# Topology/Quotient Spaces

The quotient topology is not a natural generalization of anything studied in analysis, however it is easy enough to motivate. One motivation comes from geometry. For example, the torus can be constructed by taking a rectangle and pasting together the edges together.

## Definition: Quotient Map[edit]

Let **Failed to parse (Conversion error. Server ("https://wikimedia.org/api/rest_") reported: "Cannot get mml. TeX parse error: Undefined control sequence \emph"): {\displaystyle {\emph {X}}}**
and **Failed to parse (Conversion error. Server ("https://wikimedia.org/api/rest_") reported: "Cannot get mml. TeX parse error: Undefined control sequence \emph"): {\displaystyle {\emph {Y}}}**
be topological spaces; let be a surjective map. The map *f* is said to be a *quotient map* provided a is open in *Y* if and only if is open in *X* .

## Definition: Quotient Map Alternative[edit]

There is another way of describing a quotient map. A subset is *saturated* (with respect to the surjective map ) if *C* contains every set that it intersects. To say that *f* is a quotient map is equivalent to saying that *f* is continuous and *f* maps saturated open sets of *X* to open sets of *Y* . Likewise with closed sets.

There are two special types of quotient maps: *open maps* and *closed maps* .

A map is said to be an *open map if for each open set , the set is open in Y . A map is said to be a closed map if for each closed , the set is closed in Y . It follows from the definition that if is a surjective continous map that is either open or closed, then f is a quotient map.*

## Definition: Quotient Topology[edit]

If *X* is a topological space and *A* is a set and if is a surjective map, then there exist exactly one topology on *A* relative to which *f* is a quotient map; it is called the *quotient topology* induced by *f* .

## Definition: Quotient Space[edit]

Let *X* be a topological space and let , be a partiton of *X* into disjoint subsets whose union is *X* . Let be the surjective map that carries each to the element of containing it. In the quotient topology induced by *f* the space is called a *quotient space* of *X* .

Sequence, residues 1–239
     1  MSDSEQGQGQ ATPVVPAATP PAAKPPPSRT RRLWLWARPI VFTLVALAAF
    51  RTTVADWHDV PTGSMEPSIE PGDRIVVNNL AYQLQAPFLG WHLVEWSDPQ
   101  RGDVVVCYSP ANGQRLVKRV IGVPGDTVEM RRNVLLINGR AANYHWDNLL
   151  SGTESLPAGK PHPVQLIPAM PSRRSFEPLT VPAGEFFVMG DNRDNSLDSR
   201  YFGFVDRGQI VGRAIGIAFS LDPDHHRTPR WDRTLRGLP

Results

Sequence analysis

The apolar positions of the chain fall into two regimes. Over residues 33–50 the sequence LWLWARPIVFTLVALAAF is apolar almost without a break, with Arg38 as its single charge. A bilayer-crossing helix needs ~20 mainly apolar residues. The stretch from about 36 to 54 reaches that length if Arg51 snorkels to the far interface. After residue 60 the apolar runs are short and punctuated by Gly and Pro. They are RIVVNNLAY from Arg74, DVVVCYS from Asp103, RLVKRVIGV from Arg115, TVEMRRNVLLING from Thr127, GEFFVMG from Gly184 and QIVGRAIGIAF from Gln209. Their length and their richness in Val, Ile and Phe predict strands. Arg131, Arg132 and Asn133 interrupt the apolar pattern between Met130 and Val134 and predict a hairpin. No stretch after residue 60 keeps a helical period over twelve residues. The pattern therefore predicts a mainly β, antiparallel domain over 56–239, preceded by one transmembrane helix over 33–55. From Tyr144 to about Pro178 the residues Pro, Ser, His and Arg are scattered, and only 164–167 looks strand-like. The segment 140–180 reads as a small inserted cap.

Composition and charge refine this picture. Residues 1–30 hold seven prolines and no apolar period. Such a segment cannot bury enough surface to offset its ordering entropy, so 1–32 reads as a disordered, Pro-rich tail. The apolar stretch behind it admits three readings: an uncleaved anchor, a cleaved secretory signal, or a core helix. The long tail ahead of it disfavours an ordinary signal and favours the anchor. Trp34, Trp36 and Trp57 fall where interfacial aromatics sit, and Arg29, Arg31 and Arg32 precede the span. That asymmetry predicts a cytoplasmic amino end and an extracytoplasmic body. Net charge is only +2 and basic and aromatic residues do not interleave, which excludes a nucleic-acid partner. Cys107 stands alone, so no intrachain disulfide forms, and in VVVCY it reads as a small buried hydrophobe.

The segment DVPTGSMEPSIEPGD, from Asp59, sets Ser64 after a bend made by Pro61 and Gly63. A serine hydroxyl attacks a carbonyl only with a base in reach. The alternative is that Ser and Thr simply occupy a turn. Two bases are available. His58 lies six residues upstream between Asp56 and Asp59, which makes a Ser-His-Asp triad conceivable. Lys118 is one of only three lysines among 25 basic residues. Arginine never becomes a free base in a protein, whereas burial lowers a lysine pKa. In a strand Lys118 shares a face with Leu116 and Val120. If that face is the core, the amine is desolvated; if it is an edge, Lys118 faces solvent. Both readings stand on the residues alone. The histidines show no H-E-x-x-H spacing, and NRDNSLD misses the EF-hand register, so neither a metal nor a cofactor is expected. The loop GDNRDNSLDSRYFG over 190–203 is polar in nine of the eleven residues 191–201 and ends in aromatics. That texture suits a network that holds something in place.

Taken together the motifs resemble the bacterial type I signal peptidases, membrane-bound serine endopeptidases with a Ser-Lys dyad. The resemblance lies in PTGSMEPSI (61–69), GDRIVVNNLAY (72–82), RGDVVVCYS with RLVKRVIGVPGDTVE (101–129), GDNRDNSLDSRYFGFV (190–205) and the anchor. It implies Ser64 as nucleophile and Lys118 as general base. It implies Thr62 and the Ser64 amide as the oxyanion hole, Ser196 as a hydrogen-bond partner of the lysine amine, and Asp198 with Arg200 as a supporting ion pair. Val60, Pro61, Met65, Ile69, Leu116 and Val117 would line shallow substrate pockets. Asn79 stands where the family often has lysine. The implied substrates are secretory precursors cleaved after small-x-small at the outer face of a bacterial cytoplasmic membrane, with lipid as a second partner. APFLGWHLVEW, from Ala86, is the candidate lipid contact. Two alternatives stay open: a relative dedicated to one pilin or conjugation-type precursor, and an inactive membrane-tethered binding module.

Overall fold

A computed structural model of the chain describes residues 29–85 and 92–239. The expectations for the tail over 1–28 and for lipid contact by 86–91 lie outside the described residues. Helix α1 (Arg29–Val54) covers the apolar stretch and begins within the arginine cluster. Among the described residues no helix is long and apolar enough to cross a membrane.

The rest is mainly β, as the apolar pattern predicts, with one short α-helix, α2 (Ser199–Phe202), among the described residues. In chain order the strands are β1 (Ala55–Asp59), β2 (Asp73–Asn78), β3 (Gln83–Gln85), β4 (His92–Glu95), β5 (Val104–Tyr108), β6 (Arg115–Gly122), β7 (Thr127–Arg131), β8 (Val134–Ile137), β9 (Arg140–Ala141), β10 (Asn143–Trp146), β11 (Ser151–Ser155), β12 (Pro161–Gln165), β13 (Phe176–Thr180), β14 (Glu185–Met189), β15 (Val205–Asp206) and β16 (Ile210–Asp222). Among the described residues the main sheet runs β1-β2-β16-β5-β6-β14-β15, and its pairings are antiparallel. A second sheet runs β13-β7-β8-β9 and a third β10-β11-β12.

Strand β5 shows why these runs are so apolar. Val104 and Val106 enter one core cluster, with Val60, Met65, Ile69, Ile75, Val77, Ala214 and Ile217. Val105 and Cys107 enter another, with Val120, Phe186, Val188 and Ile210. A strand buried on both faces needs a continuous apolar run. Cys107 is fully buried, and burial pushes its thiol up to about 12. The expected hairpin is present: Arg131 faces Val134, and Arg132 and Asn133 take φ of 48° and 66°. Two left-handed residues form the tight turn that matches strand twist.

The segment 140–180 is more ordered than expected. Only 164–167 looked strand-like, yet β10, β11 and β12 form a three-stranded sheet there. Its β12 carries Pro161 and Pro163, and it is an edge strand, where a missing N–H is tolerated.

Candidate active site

## Theorem[edit]

Let be a quotient map; let *A* be a subspace of *X* that is saturated with respect to *f* ; let be the map obtained by restricting *f* , then *g* is a quotient map.

1.) If *A* is either opened or closed in *X* .

2.) If *f* is either an open map or closed map.

Proof: We need to show:

when V

and

when .

Since and *A* is saturated, . It follows that both and equal all points in *A* that are mapped by *f* into *V* . For the second equation, for any two subsets *U* and

In the opposite direction, suppose when and . Since *A* is saturated, , so that in particular . Then where .

Suppose *A* or f is open. Since , assume is open in and show *V* is open in .

First, suppose *A* is open. Since is open in *A* and *A* is open in *X* , is open in *X* . Since , is open in *X* . *V* is open in *Y* because *f* is a quotient map.

Now suppose *f* is open. Since and is open in A, for a set *U* open in *X* . Now because *f* is surjective; then

The set is open in *Y* because *f* is an open map; hence *V* is open in . The proof for closed *A* or *f* is left to the reader.